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Water Today Title November 25, 2017

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Updated 1/21/14
Arctic Shipping


Arctic Shipping Charts 12 miles off

When the Nordic Orion, its cargo holds filled with coal, sailed through the Northwest Passage in September, it did so with nautical charts so old that they might be up to 12 nautical miles off. By using the Arctic shipping route the Orion saved some $200,000; it is planning five more trips through the passage this summer using the very same charts.

"By law, any ship traveling through Canadian waters must have Canadian nautical charts on board," says Kian Fadaie, Director General of the Canadian Hydrographic Service(CHS). However the majority of the charts used in the Arctic are old and cannot be used with modern technology such as GPS. So ships in the Arctic plot their course using landmarks such as buoys or coastal structures," she says

A branch of the Department of Fisheries and Oceans(DFO), CHS has been surveying and measuring Canada’s inland and coastal navigable waterways since 1883, with the help of the Canadian Coast Guard (CCG) .

No small task considering Canada's long coastline, an operating budget that has been cut every year since 2006, and ever declining icebreakers to support its Arctic efforts . So, as climate change opens the Northwest Passage to more navigation, the CHS' Arctic charting is seriously lagging behind.

Although the absence of icebreakers is regrettable, according to Fadaie, there are other options at hand such as 'ships of opportunity', foreign ships in the area with the right equipment, or navy ships. The CHS is also turning to alternative technologies such as the airborne hydrographic technology Light Detection and Ranging (LIDAR) to conduct shallow water testing along the coast to produce coastal approach charts.

"We collaborate with other countries, private companies and academia, but we always maintain quality control over the charts because as official Canadian products , they come under strict international standards', says Fadaie.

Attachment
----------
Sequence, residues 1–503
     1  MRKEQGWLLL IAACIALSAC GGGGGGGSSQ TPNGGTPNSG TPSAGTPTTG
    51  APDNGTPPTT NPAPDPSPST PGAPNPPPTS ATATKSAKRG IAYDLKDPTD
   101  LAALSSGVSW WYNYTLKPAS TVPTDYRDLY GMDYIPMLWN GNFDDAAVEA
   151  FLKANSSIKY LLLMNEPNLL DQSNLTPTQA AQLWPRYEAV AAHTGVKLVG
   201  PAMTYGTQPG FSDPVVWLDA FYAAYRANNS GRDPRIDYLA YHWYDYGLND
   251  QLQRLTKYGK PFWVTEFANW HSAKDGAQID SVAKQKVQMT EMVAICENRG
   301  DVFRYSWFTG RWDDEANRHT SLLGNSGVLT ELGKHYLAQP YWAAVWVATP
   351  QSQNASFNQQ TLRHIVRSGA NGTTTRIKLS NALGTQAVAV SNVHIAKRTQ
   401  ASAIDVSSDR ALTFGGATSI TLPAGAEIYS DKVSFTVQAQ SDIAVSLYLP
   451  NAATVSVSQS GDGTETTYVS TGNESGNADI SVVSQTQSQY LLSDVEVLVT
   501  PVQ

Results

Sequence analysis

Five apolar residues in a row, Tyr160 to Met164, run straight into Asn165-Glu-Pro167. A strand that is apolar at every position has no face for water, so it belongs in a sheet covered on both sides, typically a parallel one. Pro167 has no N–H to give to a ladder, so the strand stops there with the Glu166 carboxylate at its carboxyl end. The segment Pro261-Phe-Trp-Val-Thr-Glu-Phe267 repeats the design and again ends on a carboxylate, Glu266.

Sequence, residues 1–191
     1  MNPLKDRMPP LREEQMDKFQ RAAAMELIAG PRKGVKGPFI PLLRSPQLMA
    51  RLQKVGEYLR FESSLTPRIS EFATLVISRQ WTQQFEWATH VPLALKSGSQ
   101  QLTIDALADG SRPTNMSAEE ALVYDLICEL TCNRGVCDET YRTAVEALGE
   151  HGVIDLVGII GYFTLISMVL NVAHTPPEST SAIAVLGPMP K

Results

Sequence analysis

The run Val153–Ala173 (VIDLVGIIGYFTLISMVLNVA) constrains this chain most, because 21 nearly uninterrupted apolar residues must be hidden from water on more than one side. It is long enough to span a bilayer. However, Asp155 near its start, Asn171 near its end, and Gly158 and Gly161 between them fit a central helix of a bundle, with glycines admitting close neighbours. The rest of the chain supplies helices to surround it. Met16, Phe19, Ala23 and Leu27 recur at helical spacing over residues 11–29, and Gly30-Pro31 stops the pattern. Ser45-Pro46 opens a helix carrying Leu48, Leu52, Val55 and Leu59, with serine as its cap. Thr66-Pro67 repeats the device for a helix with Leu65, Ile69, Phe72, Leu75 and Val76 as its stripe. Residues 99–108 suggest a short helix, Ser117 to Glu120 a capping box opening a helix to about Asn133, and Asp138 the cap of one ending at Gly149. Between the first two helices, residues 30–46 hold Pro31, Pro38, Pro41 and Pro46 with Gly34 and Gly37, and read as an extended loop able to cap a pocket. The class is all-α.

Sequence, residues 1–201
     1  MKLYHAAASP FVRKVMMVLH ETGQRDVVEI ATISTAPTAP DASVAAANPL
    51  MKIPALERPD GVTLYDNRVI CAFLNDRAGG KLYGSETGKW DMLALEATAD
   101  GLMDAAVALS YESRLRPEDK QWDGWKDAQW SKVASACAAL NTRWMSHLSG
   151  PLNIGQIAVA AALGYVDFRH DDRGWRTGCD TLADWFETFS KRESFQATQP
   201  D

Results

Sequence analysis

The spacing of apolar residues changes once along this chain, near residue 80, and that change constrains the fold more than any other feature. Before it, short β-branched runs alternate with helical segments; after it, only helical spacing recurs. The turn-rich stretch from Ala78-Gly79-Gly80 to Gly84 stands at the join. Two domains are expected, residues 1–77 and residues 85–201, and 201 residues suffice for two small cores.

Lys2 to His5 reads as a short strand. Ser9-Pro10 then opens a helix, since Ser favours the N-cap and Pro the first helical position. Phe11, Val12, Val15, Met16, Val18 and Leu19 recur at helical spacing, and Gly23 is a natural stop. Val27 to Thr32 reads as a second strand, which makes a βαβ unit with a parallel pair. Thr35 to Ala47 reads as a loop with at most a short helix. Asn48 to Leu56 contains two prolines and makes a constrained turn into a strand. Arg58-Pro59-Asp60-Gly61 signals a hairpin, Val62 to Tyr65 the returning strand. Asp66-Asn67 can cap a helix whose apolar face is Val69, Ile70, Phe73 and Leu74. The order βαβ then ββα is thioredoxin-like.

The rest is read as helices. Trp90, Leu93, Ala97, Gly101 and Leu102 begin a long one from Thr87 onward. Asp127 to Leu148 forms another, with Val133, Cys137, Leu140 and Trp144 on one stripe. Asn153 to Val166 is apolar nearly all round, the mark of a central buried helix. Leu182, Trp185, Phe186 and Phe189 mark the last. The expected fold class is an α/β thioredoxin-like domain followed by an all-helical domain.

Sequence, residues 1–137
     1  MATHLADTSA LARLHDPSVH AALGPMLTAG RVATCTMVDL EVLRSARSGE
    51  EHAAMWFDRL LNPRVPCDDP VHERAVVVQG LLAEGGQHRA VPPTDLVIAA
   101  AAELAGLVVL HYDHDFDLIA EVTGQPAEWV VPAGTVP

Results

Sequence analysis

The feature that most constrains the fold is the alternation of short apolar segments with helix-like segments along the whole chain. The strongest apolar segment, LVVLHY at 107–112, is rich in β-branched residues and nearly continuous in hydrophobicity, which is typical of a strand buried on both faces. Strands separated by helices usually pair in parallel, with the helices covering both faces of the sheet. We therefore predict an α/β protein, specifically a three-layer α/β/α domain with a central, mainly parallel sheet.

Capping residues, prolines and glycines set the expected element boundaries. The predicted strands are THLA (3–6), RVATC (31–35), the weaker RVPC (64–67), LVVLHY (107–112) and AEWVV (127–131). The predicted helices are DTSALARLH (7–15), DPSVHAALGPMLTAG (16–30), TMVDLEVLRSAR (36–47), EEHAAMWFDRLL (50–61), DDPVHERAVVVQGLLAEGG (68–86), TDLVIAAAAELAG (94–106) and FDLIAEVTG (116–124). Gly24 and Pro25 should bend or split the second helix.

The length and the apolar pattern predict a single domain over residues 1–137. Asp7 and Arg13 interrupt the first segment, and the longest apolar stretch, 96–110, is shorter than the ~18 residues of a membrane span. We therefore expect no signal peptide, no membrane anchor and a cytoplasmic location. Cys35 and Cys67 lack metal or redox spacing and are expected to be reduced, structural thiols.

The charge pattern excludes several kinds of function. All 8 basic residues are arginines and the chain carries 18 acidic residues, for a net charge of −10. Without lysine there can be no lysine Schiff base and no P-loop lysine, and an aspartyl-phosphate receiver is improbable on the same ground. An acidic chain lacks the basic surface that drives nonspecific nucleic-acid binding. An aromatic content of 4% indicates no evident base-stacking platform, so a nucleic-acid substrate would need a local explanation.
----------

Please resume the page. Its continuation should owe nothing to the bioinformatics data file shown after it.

According to a March 2013 DFO Hydrographic Evaluation Report, the lack of large Coast Guard vessels equipped with multi-beam echo-sounders does not help matters in the Arctic either. "CCG is one of the primary beneficiaries of current chart information. Yet no large CCG vessels are presently equipped with multi-beam echo-sounders. Additional CCG vessels equipped with multi-beam echo-sounders would create opportunities for the Program to gather additional survey data over areas transited by CCG. This would especially be the case in the Arctic if CCG equipped its icebreaking vessels with this technology."

A case in point is the MV Clipper Adventurer grounding which occurred in the Arctic Ocean in August 2010, one of four that grounded that summer. The MV Clipper Adventurer grounded in an area where the depths of the waters were virtually unknown. According to DFO's Hydrography Evaluation Report:

" The CCGS Amundsen that rescued the passengers was equipped with a multi-beam echo-sounder and had on board a qualified hydrographer. The Amundsen followed by the second rescue vessel CCGS Sir Wilfrid Laurier, also happened to have hydrographers on board who were able to survey the immediate area surrounding the grounded vessel to ensure safe navigation for what was to be a successful rescue mission involving five tugboats, and to multibeam survey two corridors for towing the damaged ship to a safe port for temporary repairs."

The Clipper accident could have gone wrong and it could have been avoided with updates to the charts .

" As a signatory to the International Convention for the Safety of Life at Sea (SOLAS) Canada is responsible for providing accurate charts. The Crown is liable. The Clipper case is now in court," says Fadaie.

"You have to remember that even with all the resources, there is a very short charting window of two and half months in the Arctic, it's a very long process" she says. " So we are contemplating analyzing traffic patterns, types of cargo and ship sizes in order to chart Arctic corridors that ships can follow like highways."

According to Fadaie, even with every resource and given carte blanche to chart as much and as fast as needed, it will still take a generation to complete the charting of Canadian Arctic waters. Meanwhile as the number of ships sailing the Northwest Passage grows so does the risk of accidents and spills. A reality very well known and feared by northern aboriginals.

Will it take a catastrophe to get things moving? It would be a devastating loss of life, and for he environment, this is not an area where you can easily send search and rescue teams. The cost of avoiding accidents is far lower than when they happen", says Fadaie

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